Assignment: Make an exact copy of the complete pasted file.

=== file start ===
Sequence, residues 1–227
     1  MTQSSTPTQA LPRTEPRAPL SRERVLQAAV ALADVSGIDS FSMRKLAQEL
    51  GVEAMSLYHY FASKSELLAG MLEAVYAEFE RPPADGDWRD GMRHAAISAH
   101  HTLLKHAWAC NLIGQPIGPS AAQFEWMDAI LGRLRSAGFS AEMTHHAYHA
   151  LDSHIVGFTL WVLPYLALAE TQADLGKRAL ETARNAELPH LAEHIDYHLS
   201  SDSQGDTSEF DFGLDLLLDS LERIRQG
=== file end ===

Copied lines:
Sequence, residues 1–227
     1  MTQSSTPTQA LPRTEPRAPL SRERVLQAAV ALADVSGIDS FSMRKLAQEL
    51  GVEAMSLYHY FASKSELLAG MLEAVYAEFE RPPADGDWRD GMRHAAISAH
   101  HTLLKHAWAC NLIGQPIGPS AAQFEWMDAI LGRLRSAGFS AEMTHHAYHA
   151  LDSHIVGFTL WVLPYLALAE TQADLGKRAL ETARNAELPH LAEHIDYHLS
   201  SDSQGDTSEF DFGLDLLLDS LERIRQG